Dresden Museums and Parks
From: Dresden, Germany
Dresden's cultural treasures aren't just on the façades of buildings or inside concert halls: The city also has a good range of museums, both public and private.
The Zwinger is a good place to start your museum explorations. The Baroque palace complex houses several of Dresden's most important museums, which are run by the Dresden State Art Collections (SKD): The Old Masters Picture Gallery, the Porcelain Collection, and the Mathematical and Physical Sciences Salon (inset photo), along with the Saxon Folk Art Museum and Puppet Collection, the Armory, and several other museums.
The Green Vault, also managed by the SKD, is the former treasure chamber of the Wettin Electors who once ruled Saxony. You'll need to book a "time ticket" in advance to view this collection of Renaissance and Baroque objects.
The German Hygiene Museum is more than its name might suggest: In the U.S. or Britain, it would be called a "Museum of Man," and its exhibits cover topics such as anatomy, living and dying, diet, the human brain, sexuality, and beauty. It also has a children's museum with hands-on exhibits for ages 4 to 12.
The Dresden Transport Museum is conveniently located on the Neumarkt, where its historic building, the Johanneum, houses permanent exhibits about local transportation, railway vehicles, road traffic, and aviation. Hardcore transit fans will also want to visit the German-language Web site of the Strassenbanhnmuseum, or Tram Museum, which runs excursions on vintage streetcars.
Dresden Fortress and the adjacent Brühlsche Terrasse are also in the city center. The fortress was the first of its kind in Germany, and the Fortress Museum offers a "multi-sensory tour" of what life was like for the soldiers who lived and worked in the Festung.
Technische Sammlungen Dresden, a.k.a. the Technical Collection of Dresden, is a technology museum with both historic objects and modern exhibits. It's outside the city center on tram lines 4 and 10 or bus line 61; get off at Pohlandplatz, then walk a minute or so up the Schandauer Strasse in the direction away from the city.
The vast Museum of Military History of the Germany Army, which dates back to the 19th Century, is located on Olbrichtplatz. Following six years of renovation (with additions by the internationally-noted architect Daniel Liebeskind), the museum has re-emerged as a unique institution that focuses on the "human component" of war and "the consequences of war and violence." (See "A Culture of Violence" in Sightgeist: The Saxony Magazine.)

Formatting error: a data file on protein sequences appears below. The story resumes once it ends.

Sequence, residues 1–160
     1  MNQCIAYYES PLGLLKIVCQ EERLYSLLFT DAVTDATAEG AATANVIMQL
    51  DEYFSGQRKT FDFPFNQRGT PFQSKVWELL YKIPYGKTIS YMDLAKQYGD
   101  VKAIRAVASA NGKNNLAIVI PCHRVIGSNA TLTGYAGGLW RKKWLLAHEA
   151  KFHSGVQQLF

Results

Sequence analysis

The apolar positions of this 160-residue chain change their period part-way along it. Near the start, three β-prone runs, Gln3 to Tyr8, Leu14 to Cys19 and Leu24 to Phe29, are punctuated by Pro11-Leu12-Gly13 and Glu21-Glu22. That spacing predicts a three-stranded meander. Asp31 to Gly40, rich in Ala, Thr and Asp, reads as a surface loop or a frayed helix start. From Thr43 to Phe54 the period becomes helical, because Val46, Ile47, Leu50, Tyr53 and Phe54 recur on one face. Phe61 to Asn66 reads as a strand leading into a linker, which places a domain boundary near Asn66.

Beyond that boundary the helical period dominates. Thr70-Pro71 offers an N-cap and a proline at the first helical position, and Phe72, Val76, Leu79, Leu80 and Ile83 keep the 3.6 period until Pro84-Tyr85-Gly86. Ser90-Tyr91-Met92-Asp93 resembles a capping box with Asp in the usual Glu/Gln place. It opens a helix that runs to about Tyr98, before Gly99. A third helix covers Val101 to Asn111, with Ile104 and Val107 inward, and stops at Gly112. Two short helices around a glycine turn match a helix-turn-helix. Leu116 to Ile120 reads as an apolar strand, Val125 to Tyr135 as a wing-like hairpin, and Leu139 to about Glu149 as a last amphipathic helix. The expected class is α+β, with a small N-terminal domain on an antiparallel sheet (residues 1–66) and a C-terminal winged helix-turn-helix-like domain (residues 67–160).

The Panometer Dresden might better be described as a tourist attraction than as a museum; it's a huge computer-made 360° painting that represents Dresden as it looked in 1756. (The painting, which is viewed from a tower in the center of a converted gasometer 5 km or 3 miles from the city center, is 27 meters or 89 feet high.)
The Dresden City Museum, the Technical Collection of Dresden, Schiller House, the Carl Maria von Weber Museum, and several other museums are profiled at the German-language Museums of the City of Dresden site, which requires patience to navigate and a browser that supports Adobe Flash.
Pillnitz Palace, the Saxon monarchy's summer residence on the eastern edge of Dresden, houses the Museum of Decorative Arts. Although the museum is in a Baroque setting and has many works from the era of the Saxon Electors, its collection is international and spans five centuries (up to the present day). Pillnitz also has its own Palace Museum, which supplements the guided tours of the buildings and grounds.
For more listings, see the City of Dresden's German-language Museum Index.
The Grosser Garten, or Great Garden, was commissioned in 1676 and became a city park in the mid-1800s. At 147 hectares or 363 acres, it's the largest park in Dresden, and it has something for everyone--from flowerbeds and forests to a lake, a pleasant restaurant in the Carolaschlösschen, a palace, and a Park Railway with 5.6 km or 3.5 miles of track. The Grosser Garten on the southeastern edge of the Altstadt, next to Volkswagen's Transparent Factory.
Other parks are scattered around town, and much of the Elbe's riverbank area is covered in grass (where you'll occasionally see sheep grazing) as a flood-control measure.
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